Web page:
The dedicated and sensitive performances of the dancers added a further level of subtlety to the relationship. Unfortunately, the end point for this couple is the same as that of the others. All relationships, it seems, are propelled by the selfishness of the dominant member. The other person is bewitched. Human closeness is confining and miserable. And above all, there is no way out.
Sietsma’s work appears to draw upon “Release Technique”—a modern dance style whose origins lie in the experimental work undertaken by choreographers during the 1960s and 1970s. Modern dance is comprised of a great variety of different techniques, which reflect the numerous contributions since the art form first emerged as a reaction to ballet at the beginning of the 20th century. Rebelling physically, theoretically and methodologically against the codified, constrained movements that make up the ballet vocabulary, modern dance demanded freedom for the body’s movement and the right to explore abstract ideas and feelings in performance, as opposed to simply telling a story.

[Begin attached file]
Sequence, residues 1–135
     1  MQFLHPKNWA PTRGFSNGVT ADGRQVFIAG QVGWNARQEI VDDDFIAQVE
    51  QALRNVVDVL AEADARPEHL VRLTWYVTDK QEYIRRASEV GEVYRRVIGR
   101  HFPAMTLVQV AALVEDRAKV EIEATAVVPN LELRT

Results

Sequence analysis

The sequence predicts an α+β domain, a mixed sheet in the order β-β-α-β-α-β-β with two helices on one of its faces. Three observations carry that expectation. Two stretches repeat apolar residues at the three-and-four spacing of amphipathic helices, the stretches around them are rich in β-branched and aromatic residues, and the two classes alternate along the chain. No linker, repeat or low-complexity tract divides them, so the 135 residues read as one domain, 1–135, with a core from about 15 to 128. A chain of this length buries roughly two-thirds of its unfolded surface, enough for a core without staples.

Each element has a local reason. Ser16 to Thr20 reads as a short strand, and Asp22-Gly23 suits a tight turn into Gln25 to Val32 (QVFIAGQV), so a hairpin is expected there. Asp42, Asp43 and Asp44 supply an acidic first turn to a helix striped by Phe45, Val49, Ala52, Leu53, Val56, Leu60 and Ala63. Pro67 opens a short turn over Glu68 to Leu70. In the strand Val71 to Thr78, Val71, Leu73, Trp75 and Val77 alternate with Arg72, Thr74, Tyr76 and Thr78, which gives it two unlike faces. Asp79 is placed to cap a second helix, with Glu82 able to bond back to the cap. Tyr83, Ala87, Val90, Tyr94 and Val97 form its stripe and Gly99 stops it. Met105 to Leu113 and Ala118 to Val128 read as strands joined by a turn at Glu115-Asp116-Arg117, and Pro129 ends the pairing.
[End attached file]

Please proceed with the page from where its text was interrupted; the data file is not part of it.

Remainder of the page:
Release Technique is based on relaxing tension in the muscles during movement—as opposed to intensifying muscular effort—so as to allow the body greater ease in its actions. In addition, the technique aims at increasing flexibility and looseness in the joints, in contradistinction to limiting their range. These two factors allow the dancer to use the momentum created by the dancing to place emphasis on transitions between movement instead of reaching set positions. While initially developed during a period in which many choreographers were rejecting the use of technically complex dance in favor of more pedestrian body motions, Release Technique has evolved over the past several decades to incorporate and expand upon increasingly difficult movements.